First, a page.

Mall Walkers Add Strength Training

Light weights v. heavy weights - what's best?

Buy this photo (Photo by Troy Wayrynen ) Kim Witherspoon kicks a leg up as she leads a group of men and women in a strength training class Nov. 21. The free class has been taking place at the mall since July, but funding is set to expire at the end of the year. Buy this photo (Photo by Troy Wayrynen ) Nicole Tiffany of Vancouver, wearing purple, her daughter Emma, 1, Kami Vance, 6 of Battle Ground, and her mother Kelli Vance take part in a strength training class at Westfield Vancouver mall Nov. 21. Tiffany usually walks or jogs a few laps around the mall before participating in the free class. To learn more, visit

Cordelia Carter said of the benefits among boys. "That the stronger your muscles are, the more fun it is to use them. And once you feel that good post-exercise, you might want to continue to do it," she told Reuters Health. Carter is a pediatric orthopedist at the Yale School of Medicine in New Haven, Connecticut. She has studied strength training among kids but wasn't involved in the new research. She said one of the most important findings from this study and others is that strength training is safe for young people, with proper technique and supervision. To learn more, visit

Strength training may boost kids' activity: study

February 13, 2011 |By Jeannine Stein, Los Angeles Times Strength training often takes a back seat to cardiovascular training, (David Phillip / Associated) Strength training has strong-armed its way beyond the realm of bodybuilding. A growing body of research shows that working out with weights has health benefits beyond simply bulking up one's muscles and strengthening bones. Studies are finding that more lean muscle mass may allow kidney dialysis patients to live longer, give older people better cognitive function, reduce depression, boost good cholesterol, lessen the swelling and discomfort of lymphedema after breast cancer and help lower the risk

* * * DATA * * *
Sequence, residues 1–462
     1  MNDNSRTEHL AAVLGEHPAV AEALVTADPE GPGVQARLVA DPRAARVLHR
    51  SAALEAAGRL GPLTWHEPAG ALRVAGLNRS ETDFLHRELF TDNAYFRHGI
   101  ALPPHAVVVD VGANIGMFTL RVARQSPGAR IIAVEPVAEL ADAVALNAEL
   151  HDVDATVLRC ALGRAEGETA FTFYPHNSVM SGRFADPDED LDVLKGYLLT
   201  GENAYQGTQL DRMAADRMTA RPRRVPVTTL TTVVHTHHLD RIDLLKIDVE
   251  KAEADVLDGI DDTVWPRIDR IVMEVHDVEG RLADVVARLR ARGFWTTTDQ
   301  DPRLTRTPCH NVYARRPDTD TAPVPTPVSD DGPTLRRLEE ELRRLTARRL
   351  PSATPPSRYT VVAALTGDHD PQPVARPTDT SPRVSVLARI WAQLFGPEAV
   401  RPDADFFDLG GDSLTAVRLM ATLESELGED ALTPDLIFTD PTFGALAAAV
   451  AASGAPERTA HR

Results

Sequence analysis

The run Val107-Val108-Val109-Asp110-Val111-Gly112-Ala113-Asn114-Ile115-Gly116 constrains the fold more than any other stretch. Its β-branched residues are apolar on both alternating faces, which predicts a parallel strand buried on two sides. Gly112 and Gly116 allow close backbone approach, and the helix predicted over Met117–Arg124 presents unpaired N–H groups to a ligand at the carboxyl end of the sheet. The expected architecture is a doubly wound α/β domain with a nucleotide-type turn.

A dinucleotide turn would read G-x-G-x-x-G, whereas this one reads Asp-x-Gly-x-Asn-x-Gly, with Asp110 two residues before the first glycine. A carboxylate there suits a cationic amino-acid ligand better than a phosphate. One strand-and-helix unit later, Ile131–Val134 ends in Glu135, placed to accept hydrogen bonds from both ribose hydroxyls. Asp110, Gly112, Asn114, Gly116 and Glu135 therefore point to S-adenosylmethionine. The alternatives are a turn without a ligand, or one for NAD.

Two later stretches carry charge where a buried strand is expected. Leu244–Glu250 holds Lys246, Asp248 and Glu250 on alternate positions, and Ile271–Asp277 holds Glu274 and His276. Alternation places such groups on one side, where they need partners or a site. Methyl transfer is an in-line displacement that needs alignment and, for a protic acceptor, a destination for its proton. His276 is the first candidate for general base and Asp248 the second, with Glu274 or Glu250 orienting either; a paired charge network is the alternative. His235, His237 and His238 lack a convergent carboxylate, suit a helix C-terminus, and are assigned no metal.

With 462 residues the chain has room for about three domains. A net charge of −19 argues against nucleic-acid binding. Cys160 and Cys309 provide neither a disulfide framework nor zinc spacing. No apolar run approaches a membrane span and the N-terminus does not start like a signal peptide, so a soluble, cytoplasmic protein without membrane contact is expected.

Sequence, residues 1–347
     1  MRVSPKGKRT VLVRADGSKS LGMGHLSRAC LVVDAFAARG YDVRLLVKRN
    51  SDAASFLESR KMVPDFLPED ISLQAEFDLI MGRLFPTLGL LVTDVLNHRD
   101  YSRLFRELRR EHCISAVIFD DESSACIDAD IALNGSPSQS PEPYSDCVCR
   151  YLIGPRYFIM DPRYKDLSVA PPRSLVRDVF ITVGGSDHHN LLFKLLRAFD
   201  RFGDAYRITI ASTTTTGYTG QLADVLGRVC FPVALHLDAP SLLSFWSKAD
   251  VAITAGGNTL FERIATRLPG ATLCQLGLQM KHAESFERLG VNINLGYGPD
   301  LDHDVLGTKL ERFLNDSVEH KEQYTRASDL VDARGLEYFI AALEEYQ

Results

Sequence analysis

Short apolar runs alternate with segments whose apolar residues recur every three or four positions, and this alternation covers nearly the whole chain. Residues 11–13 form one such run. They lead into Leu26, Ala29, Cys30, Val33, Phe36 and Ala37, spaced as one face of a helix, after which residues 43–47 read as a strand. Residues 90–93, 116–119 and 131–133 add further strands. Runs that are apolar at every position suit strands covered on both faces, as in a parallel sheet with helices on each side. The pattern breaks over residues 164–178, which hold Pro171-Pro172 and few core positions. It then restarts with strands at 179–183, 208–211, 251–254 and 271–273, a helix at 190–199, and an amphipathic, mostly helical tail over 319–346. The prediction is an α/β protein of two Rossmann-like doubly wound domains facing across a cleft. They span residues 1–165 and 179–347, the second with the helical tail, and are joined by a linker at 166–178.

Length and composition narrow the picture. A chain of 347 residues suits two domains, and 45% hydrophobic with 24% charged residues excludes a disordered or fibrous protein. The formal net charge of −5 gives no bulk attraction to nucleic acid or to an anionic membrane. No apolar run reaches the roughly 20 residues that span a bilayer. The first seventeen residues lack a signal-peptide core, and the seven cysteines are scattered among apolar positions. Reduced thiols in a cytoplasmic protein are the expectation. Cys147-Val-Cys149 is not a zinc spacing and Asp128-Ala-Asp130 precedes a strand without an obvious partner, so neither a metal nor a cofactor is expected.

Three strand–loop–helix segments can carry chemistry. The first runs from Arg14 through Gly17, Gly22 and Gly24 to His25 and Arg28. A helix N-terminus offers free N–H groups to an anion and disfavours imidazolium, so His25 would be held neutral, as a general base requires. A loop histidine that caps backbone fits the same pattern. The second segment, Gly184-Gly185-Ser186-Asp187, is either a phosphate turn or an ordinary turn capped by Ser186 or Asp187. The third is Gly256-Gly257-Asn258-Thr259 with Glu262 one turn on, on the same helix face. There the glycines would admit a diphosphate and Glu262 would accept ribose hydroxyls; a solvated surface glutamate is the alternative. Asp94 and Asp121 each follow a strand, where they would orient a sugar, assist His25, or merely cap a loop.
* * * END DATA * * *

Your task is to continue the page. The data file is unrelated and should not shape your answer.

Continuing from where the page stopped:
of diabetes. "Muscle is our largest metabolically active organ, and that's the backdrop that people usually forget," said Kent Adams, director of the exercise physiology lab at Cal State Monterey Bay. Strengthening the muscles "has a ripple effect throughout the body on things like metabolic syndrome and obesity." Historically, strength training was limited to athletes, but in the last 20 years, its popularity has spread to the general public, said Jeffrey Potteiger, an exercise physiologist at Grand Valley State University in Grand Rapids, Mich., and a fellow of the American College of Sports Medicine. "One can argue that if you don't do some resistance training through your lifespan, you're missing out on some benefits, especially as you get older or battle weight gain," he said. To learn more, visit

Weight training

heavy weights - what's best? Diet & Fitness Reprints & permissions Photo: iStock If you dont know who Tracy Anderson is then you really should read more gossip magazines. Anderson is the personal trainer to celebrities like Gwyneth Paltrow and Kim Kardashian and her training program called The Method is credited with helping them look well, like Gwyneth Paltrow and Kim Kardashian. For those of us who cant afford one to one sessions with Anderson or arent around the corner from her studios in New York, Los Angeles or The Hamptons, there are DVDs to show us the way. Im all for anything that gets people moving and Andersons dance-like movements certainly do that - but Im stumped by one of her core rules of training: that women shouldnt train with weights of more than three pounds (about 1.3 kilos). I dont know where this idea comes from not from any strength training manual that Im familiar with. To learn more, visit

Strength training does more than bulk up muscles

The process is: break down, rest and rebuild. This is why your metabolism speeds up during the period after working out." Overloading the muscles in this way also makes us stronger and stronger is better. That doesn't necessarily have to be exercise, it can be the day-to-day demands, such as walking up flights of stairs." For many women, osteoporosis prevention is one of the best reasons to lift weights. Weight training places demands on bones "which is quite important for osteoporosis protection", Rice says. Weight training also helps keep us upright as we age. "Research has found that as we age, if we've been doing strength training, it protects us from falls," she says. To learn more, visit